The trial court should have relied on subsection (d) of  O.C.G.A § 19-7-3 because the petitioners’ son was incarcerated.  In this case, the court may award reasonable visitation to the grandparents if the court finds that such visitation is in the best interest of the child. You can read the complete opinion here.

 

 

 

Attorney Tiffany Lunn Is Frequently Asked This Question: Can I Put My Spouse Out Of The Marital Home?

Attorney Tiffany Lunn says: No, unless you have a court order that gives you exclusive possession of the martial residence then you cannot remove your spouse even if the residence is titled solely in your name.  The first step toward removing your spouse would be to file for divorce or separate maintenance.  You can request exclusive possession of the residence prior to a final hearing by filing a Motion for Temporary Hearing and requesting and being awarded this property until dissolution of your marriage or finality of the case.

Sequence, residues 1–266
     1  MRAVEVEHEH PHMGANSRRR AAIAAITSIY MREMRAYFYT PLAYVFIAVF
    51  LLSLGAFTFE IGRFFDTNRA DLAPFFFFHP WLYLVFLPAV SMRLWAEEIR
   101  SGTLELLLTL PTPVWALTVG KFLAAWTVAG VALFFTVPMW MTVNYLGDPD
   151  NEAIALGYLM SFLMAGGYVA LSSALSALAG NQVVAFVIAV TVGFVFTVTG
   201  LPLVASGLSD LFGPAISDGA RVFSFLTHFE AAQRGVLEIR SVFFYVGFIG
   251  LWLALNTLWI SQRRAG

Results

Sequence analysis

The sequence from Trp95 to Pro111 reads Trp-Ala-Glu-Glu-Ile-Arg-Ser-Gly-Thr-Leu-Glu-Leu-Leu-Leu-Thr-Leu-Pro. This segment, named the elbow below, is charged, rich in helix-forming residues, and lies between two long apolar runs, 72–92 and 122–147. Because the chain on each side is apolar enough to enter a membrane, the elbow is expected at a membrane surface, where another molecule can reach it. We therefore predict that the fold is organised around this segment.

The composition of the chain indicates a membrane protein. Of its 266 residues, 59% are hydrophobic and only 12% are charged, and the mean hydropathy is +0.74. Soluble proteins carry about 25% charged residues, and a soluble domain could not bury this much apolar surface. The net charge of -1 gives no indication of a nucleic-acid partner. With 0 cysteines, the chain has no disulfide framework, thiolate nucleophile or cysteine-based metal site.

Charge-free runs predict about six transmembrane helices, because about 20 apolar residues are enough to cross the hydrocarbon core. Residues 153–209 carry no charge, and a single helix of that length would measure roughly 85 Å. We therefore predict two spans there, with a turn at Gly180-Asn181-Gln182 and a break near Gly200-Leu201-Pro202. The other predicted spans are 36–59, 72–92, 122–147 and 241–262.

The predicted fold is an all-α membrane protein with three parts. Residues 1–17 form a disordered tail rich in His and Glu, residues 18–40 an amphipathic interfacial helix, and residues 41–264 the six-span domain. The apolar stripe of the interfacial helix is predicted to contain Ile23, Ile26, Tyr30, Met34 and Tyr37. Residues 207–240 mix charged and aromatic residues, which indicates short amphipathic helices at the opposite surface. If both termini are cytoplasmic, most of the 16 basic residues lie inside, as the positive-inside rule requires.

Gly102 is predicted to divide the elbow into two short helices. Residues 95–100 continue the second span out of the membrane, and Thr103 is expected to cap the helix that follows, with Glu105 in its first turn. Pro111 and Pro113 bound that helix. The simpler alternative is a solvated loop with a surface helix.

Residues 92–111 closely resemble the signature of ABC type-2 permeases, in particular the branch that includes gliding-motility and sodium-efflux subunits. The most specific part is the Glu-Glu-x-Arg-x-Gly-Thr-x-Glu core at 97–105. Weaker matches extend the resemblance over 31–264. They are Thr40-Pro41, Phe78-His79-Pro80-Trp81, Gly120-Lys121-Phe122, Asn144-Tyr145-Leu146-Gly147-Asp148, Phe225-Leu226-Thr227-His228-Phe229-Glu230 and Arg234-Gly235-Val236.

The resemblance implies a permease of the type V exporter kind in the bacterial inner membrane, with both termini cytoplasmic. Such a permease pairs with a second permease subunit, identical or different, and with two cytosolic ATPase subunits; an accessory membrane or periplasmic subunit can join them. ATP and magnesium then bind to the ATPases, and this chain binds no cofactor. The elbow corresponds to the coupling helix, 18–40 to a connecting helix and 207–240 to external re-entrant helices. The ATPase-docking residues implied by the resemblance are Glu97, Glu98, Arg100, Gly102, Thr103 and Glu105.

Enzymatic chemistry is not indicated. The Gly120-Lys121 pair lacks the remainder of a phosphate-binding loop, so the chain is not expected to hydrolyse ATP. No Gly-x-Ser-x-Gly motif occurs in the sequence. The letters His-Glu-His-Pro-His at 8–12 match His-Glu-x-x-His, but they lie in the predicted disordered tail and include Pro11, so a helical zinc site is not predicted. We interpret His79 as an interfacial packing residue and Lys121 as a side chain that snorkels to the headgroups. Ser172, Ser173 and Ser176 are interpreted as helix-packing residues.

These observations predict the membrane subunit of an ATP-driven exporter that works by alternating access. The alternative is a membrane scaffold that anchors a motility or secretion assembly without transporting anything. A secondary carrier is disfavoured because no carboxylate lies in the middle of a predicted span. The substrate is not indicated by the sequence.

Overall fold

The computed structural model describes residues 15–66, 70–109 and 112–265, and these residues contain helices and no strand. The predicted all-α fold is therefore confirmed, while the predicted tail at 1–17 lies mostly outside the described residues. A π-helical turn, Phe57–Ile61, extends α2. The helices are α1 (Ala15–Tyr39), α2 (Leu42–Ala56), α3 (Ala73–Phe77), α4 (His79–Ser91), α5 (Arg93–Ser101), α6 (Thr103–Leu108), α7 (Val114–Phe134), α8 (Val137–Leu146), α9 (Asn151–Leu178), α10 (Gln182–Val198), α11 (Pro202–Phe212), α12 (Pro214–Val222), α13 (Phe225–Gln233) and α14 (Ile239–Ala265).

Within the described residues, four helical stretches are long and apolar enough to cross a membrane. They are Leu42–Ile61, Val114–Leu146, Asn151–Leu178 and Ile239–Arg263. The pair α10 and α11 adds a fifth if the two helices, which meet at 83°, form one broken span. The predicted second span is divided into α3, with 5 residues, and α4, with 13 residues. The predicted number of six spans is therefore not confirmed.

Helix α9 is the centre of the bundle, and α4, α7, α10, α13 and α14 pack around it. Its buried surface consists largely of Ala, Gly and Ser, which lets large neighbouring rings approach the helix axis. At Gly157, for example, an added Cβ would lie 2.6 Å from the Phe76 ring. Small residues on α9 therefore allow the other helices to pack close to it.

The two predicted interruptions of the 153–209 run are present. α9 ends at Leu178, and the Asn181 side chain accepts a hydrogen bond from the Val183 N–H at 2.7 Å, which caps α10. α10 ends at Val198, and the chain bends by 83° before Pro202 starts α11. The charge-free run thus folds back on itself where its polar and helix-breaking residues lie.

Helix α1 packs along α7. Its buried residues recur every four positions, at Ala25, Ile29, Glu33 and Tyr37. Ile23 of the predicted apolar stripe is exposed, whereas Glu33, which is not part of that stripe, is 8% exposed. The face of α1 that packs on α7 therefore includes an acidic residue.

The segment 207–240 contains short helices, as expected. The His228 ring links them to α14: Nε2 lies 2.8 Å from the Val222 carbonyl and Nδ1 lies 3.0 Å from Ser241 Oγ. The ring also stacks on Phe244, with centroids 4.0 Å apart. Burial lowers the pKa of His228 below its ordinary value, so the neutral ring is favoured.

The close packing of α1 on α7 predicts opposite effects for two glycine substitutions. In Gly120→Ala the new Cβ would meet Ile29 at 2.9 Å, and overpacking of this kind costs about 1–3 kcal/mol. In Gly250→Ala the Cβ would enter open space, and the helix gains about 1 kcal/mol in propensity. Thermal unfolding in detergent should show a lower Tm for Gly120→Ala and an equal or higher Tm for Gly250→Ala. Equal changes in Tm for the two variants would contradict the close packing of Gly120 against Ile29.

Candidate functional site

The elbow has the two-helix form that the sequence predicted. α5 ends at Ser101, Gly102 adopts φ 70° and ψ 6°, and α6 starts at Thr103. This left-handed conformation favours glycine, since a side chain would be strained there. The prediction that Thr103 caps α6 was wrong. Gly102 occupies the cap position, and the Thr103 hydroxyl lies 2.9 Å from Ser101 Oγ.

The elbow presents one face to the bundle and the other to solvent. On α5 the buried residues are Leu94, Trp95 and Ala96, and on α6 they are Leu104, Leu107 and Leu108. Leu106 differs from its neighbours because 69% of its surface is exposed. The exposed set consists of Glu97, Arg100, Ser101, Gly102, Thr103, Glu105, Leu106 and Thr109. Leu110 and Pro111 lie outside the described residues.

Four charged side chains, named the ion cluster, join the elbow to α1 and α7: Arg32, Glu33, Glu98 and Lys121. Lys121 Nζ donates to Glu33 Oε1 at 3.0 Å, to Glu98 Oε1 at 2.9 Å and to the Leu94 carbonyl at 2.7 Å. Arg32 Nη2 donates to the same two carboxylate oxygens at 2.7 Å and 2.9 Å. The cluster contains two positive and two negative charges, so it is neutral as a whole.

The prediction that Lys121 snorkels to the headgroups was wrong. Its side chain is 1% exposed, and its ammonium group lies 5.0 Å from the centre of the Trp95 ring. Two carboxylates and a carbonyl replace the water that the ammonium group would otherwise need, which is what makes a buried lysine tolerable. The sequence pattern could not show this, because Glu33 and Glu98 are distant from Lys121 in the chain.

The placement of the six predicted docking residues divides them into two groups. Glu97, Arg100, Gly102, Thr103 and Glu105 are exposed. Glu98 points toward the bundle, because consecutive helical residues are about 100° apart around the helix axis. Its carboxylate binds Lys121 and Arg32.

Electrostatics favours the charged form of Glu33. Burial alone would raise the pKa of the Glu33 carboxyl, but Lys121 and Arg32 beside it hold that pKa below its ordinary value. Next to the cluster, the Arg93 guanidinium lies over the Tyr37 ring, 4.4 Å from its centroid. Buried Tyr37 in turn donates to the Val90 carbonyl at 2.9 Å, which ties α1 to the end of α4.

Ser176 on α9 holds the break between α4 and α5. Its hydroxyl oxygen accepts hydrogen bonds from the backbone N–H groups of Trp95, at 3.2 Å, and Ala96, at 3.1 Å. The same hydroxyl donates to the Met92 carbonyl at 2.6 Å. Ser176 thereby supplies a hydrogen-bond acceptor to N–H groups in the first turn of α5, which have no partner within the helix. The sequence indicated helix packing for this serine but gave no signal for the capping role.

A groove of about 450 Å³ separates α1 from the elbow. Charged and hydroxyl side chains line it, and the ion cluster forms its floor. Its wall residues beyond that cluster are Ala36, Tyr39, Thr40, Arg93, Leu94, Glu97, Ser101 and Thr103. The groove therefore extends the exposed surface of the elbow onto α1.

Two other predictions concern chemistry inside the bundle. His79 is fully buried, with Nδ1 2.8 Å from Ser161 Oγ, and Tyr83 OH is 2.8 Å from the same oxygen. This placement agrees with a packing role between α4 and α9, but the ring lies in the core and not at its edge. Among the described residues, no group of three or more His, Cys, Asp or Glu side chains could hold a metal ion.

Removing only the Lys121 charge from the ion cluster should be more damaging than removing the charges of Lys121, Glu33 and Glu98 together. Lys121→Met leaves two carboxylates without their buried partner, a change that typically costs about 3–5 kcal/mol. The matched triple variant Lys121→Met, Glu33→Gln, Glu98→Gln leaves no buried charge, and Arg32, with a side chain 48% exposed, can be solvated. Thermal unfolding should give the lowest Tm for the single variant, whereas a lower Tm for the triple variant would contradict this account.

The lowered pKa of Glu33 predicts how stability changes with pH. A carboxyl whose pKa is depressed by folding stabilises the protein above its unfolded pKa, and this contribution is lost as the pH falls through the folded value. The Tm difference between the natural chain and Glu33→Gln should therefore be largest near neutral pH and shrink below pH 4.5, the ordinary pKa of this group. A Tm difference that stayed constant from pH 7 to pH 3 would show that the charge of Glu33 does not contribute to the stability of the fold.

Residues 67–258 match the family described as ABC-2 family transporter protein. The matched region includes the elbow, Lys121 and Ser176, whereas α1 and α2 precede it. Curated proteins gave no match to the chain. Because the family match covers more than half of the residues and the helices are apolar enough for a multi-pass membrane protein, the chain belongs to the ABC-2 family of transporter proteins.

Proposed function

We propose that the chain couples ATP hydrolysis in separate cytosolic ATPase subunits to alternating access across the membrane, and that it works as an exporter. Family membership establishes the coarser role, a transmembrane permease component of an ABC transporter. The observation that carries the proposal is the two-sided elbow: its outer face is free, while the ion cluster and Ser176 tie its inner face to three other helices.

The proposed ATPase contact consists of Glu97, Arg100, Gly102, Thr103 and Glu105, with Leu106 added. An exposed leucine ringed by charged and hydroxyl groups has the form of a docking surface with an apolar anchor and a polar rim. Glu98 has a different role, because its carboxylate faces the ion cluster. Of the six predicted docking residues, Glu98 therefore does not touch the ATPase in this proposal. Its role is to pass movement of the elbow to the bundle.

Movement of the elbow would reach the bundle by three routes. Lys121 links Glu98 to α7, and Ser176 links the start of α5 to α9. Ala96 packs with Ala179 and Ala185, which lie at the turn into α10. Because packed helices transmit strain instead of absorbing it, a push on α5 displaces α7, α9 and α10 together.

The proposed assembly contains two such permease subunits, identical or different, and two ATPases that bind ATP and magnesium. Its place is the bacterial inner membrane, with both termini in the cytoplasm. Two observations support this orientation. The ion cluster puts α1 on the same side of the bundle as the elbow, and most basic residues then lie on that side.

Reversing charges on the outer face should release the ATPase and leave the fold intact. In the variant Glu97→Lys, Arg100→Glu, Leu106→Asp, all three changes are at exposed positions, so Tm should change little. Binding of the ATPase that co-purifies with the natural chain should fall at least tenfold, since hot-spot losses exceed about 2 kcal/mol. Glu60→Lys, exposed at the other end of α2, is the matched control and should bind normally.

If your spouse is abusive and you are the victim of domestic violence then you can request a Temporary Protection Order. You can request exclusive possession of the marital home upon these facts as well.  If the court finds you believable then your request will be granted on an ex parte basis.  You will shortly after have to attend a court hearing for your Protection Order to be extended.  At this hearing, your spouse will have the opportunity to dispute your allegations of abuse.

Police are often called to martial homes regarding this vary issue.  As a general rule, law enforcement are going to inform you that you must seek court intervention and present a court order for them to get involved. If you have any further questions about this issue, you should contact Attorney Tiffany Lunn of Lunn Law LLC at 770-492-2974 or another experienced family law attorney to explore your legal options in Georgia. It is imperative that you not take matters into your own hands especially if uninformed about the possible consequences.